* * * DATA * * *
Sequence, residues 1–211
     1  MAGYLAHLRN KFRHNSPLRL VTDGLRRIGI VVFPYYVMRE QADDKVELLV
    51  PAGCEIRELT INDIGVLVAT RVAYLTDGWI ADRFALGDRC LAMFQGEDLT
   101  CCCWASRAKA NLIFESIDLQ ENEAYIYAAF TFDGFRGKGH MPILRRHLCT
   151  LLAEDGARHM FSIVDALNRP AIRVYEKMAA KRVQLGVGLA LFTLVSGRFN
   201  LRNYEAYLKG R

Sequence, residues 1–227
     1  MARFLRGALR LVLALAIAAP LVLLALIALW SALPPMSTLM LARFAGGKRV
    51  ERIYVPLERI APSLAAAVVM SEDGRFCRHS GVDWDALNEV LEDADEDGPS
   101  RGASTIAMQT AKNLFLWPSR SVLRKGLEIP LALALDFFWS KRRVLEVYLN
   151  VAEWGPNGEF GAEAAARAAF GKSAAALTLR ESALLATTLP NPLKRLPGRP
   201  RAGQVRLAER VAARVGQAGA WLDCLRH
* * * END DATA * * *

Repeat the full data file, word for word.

Sequence, residues 1–211
     1  MAGYLAHLRN KFRHNSPLRL VTDGLRRIGI VVFPYYVMRE QADDKVELLV
    51  PAGCEIRELT INDIGVLVAT RVAYLTDGWI ADRFALGDRC LAMFQGEDLT
   101  CCCWASRAKA NLIFESIDLQ ENEAYIYAAF TFDGFRGKGH MPILRRHLCT
   151  LLAEDGARHM FSIVDALNRP AIRVYEKMAA KRVQLGVGLA LFTLVSGRFN
   201  LRNYEAYLKG R

Sequence, residues 1–227
     1  MARFLRGALR LVLALAIAAP LVLLALIALW SALPPMSTLM LARFAGGKRV
    51  ERIYVPLERI APSLAAAVVM SEDGRFCRHS GVDWDALNEV LEDADEDGPS
   101  RGASTIAMQT AKNLFLWPSR SVLRKGLEIP LALALDFFWS KRRVLEVYLN
   151  VAEWGPNGEF GAEAAARAAF GKSAAALTLR ESALLATTLP NPLKRLPGRP
   201  RAGQVRLAER VAARVGQAGA WLDCLRH